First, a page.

The Ball of Cheese That Is Christian Film, Or Happily Ever After

Look, I understand why it is that way. I know that Christian films have difficulty coming up with the cash needed to put on a semi-decent production, and that the people willing to invest the cash have agendas and certain criteria they want met.

But still….

Every Christian movie I watch (which makes it sound like many, its quite minimal) all go the same way. You can read the description on the back of the DVD and guess the ending without flaw.

There is a conflict, a faith in jeopardy, livelihoods on the line, drama all over the place, moody piano, a return to Jesus and therefore everything falling perfectly into place, better than the character could have ever dreamed. Heart warming stuff.

Not true to life, at all, but heart warming stuff nonetheless.

No wonder so many people find the Christian life unsatisfying. When people are sales pitching Christianity, they’re as liberal as computer salesmen who say it’ll do whatever you want it to. And ultimately many of those films are simply extended sales pitches.

Maybe this is why some people think of Christianity as a fairy tale.

So, well, life doesn’t play out like the movies.  So…. then what?

I’ve heard many times that the view of the afterlife (this week’s unofficial theme) evolved over time in Jewish thought, and was even still forming when Jesus walked on earth (I’m expecting correction here). How Abraham viewed it is far different from the people of Jesus’ day. And one of the understandable questions people had was: “if God is just, why can such terrible things happen to the religious? How can persecution happen?” Such questions led to the progressing thoughts about life after death. They were fair questions demanding resolution.

An answer that arose was naturally “well the real reward is not this life, but the after.”

And that’s all well and good. But maybe not good enough.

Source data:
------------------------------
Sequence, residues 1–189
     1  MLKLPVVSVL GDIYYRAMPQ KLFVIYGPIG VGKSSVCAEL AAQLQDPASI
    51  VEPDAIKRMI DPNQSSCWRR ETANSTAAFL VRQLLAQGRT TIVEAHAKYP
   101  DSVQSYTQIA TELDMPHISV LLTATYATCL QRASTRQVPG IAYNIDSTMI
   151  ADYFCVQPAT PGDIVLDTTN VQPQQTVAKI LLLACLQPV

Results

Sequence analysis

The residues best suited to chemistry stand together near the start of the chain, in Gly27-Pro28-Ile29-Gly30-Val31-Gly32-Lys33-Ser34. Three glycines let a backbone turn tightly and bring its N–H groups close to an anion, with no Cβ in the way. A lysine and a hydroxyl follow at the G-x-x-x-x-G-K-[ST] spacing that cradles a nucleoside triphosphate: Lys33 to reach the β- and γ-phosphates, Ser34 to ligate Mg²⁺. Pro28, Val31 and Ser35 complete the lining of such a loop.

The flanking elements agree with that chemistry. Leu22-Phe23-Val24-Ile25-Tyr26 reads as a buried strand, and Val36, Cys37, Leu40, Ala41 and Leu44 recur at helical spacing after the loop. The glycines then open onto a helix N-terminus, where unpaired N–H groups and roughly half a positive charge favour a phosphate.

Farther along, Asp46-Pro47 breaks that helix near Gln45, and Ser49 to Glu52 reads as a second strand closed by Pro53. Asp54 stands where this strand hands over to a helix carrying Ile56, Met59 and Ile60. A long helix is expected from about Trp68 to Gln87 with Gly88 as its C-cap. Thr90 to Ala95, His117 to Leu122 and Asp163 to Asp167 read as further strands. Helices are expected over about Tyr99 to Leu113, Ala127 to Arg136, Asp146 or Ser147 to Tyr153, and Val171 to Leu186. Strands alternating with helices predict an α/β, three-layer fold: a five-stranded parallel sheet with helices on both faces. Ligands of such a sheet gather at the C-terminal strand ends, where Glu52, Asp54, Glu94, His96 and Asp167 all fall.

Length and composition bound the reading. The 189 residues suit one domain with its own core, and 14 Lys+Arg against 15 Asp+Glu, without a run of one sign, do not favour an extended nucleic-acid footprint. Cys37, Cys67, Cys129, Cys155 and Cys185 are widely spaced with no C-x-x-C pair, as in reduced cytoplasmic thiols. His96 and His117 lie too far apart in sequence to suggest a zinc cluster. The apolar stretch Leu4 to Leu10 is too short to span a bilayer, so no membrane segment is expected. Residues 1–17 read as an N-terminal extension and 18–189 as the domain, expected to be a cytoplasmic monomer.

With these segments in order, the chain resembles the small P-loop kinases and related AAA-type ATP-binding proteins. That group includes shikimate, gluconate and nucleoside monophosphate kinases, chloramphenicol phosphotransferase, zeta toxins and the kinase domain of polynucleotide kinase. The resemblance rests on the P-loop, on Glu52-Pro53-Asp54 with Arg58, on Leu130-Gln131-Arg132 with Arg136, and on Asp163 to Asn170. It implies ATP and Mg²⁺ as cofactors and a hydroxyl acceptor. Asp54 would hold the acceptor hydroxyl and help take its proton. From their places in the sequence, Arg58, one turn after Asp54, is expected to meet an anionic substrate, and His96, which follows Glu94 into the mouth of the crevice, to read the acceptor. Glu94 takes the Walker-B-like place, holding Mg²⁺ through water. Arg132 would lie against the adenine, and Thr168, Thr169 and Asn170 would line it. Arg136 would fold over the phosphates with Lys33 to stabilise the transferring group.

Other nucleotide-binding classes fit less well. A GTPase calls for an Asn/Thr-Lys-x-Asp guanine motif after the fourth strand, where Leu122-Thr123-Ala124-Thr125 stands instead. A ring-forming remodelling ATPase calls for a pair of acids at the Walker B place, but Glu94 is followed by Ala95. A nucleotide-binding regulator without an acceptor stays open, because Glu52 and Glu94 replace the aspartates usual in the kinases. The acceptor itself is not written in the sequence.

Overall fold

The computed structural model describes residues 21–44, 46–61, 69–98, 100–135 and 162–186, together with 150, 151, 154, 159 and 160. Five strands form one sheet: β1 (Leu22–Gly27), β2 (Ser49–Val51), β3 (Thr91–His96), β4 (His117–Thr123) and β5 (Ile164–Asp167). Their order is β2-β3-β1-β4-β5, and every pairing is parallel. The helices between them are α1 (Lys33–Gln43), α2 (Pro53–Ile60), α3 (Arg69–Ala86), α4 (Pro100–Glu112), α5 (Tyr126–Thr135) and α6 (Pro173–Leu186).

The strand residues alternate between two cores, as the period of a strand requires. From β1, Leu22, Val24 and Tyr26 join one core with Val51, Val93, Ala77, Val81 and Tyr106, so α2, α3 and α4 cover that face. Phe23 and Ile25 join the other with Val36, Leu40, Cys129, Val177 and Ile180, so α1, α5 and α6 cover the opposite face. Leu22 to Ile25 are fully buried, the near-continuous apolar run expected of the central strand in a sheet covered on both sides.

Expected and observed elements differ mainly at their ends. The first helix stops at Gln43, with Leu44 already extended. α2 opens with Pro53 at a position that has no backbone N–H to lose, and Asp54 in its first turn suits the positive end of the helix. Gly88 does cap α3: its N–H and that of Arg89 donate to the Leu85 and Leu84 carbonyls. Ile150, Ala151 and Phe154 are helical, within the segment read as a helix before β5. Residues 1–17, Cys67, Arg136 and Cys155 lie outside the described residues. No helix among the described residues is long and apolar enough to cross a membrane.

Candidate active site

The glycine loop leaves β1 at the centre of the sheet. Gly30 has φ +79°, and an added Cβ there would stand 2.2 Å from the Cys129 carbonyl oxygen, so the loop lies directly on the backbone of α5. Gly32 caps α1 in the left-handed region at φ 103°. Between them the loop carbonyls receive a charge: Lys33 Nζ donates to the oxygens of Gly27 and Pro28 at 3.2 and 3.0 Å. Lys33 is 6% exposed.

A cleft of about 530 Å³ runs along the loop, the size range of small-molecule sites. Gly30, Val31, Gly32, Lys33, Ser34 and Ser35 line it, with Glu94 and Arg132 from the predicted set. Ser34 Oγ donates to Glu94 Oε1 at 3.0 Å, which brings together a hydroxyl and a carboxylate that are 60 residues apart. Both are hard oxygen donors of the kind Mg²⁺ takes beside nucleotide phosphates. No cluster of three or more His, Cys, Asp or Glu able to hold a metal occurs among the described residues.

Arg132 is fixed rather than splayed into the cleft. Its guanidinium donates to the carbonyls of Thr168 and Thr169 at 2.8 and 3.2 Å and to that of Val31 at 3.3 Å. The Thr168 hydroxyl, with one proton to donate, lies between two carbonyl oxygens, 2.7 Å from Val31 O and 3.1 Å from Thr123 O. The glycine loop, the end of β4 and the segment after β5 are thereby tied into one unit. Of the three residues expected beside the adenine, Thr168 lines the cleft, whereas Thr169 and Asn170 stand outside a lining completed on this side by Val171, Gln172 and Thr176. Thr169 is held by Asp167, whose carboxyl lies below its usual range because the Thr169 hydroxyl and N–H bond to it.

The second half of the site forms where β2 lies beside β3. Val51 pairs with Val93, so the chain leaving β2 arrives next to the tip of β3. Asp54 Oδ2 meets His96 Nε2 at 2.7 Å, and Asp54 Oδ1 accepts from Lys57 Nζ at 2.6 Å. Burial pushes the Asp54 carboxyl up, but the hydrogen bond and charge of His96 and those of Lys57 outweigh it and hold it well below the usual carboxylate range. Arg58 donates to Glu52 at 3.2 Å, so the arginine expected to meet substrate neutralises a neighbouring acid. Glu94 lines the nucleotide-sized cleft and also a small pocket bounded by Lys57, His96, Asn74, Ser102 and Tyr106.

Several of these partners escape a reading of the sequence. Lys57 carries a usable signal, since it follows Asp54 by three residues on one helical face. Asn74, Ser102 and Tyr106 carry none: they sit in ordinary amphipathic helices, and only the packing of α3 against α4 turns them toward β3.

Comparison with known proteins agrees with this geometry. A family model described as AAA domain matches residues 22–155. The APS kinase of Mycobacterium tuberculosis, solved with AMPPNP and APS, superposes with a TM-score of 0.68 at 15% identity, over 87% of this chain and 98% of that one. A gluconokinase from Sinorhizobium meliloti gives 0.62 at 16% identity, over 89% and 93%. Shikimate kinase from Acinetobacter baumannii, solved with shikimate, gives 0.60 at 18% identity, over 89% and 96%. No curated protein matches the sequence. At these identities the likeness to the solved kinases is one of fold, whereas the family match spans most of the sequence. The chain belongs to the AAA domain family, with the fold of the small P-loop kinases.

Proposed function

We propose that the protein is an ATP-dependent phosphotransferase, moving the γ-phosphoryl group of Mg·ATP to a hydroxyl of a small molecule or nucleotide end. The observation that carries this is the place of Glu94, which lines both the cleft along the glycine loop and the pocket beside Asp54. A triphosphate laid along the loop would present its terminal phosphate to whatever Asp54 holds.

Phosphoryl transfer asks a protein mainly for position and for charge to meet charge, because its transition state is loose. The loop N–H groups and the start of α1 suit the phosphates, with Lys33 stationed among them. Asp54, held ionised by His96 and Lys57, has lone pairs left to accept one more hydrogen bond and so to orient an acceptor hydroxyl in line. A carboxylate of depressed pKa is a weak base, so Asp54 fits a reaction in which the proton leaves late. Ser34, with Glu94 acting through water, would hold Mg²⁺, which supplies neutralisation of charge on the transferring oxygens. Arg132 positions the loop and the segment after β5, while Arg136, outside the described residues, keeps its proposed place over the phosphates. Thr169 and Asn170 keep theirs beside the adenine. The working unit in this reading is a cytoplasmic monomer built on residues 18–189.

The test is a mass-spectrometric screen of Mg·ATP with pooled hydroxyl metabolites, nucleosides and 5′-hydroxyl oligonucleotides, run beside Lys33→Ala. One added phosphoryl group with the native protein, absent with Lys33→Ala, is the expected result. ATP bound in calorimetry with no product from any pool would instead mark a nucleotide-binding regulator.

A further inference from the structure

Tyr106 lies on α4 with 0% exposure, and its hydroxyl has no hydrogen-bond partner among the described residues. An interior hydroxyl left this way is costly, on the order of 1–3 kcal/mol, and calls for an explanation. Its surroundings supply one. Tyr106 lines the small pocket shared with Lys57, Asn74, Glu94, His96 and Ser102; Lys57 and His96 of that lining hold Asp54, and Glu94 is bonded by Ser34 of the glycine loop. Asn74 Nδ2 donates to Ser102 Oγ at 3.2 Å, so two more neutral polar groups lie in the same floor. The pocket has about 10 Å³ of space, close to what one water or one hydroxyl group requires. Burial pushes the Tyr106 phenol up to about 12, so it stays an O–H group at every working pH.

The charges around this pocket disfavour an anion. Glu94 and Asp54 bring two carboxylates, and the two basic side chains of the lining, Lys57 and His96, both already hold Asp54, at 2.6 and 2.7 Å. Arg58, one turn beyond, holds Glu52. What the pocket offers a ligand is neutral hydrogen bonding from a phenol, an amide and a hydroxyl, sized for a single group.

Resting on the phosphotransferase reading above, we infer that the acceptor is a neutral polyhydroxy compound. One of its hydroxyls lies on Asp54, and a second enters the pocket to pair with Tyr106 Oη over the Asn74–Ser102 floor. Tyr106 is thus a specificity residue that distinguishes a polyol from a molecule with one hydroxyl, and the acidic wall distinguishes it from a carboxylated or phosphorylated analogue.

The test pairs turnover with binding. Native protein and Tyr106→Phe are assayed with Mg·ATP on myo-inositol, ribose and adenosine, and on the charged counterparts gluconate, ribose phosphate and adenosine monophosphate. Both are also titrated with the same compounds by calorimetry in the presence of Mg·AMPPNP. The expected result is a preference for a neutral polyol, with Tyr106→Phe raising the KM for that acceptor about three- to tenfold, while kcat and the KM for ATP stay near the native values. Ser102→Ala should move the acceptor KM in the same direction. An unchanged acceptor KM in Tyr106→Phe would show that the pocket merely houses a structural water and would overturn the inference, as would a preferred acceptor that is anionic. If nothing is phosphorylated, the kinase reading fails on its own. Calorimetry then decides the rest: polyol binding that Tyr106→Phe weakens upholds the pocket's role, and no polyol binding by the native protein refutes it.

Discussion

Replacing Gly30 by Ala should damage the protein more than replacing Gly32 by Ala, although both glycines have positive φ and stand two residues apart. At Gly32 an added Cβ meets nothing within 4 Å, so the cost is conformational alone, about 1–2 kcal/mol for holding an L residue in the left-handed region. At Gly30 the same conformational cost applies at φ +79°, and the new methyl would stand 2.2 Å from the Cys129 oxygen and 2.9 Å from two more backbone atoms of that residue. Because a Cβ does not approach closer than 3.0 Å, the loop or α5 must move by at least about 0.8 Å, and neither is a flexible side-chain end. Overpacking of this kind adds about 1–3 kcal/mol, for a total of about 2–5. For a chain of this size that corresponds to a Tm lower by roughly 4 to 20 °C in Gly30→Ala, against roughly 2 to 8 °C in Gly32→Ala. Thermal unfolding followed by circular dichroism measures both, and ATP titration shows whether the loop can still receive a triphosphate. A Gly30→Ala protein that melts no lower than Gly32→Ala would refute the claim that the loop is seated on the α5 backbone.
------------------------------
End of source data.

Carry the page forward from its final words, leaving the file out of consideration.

I think God is molding us into less selfish people. He’s got his work cut out for him. And if we are doing things simply for the mansion in heaven, or just heaven for that matter, well then we still have motives. And quite possibly not love.

We are continuing the work of building God’s kingdom. Such work, ask any apostle, doesn’t lead to roses and fairy tale endings. Not everyone gets the girl, or the house, or the dream ____. And we don’t do it for our own spot in heaven (not that God grants such things for hard work). We do it in good faith that we are in fact slowly shoving one more block into place.

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7 Responses to The Ball of Cheese That Is Christian Film, Or Happily Ever After

  1. David says:

    Wasn’t Star Wars a low budget film? Let’s face it, Americans in particular; like happy endings. If they didn’t, Pretty Woman would have been called the Crack Whore and ET would have been dissected at Area 51.

    I believe that the expectation of Christian films is to have a God “blessed” ending, because everyone knows that blessing is “things turning out your way.” 😉 I do find that even during disaster folks get saved: 9/11, the Sago Mine Disaster (see Monday’s F&G post), Pearl Harbor – there are some amazing testimonies from those events.

    Romans 8:28 is the comfort of the believer. It is God using ALL things for good – our sin, our mistakes, tragedy, ALL of it for his glory.

    I don’t think that God is trying to get us to be less selfish. He is trying to kill us, so that He can live though us. Jesus did not die to make bad people good. He died so that dead people could live.

    And you’re correct, this isn’t the only rodeo, there is an infinite one to come. And again, you are correct, there are many rewards there. The rewards in Heaven are NOT for doing good, or even being good or socially responsible. They are for advancing the Kingdom of God by being obedient to Him.

    And finally, God is just because he dispenses judgment and mercy, not because he conforms to mankind’s fallen ideals. Part of that justice is punishing sin (or offering atonement through faith in Jesus). Kingdom justice is that same for all men regardless.

    1 Peter 4:12 Dear friends, do not be surprised at the painful trial you are suffering, as though something strange were happening to you. 13 But rejoice that you participate in the sufferings of Christ, so that you may be overjoyed when his glory is revealed.

    • “because everyone knows that blessing is “things turning out your way.” Haha the American version of blessing!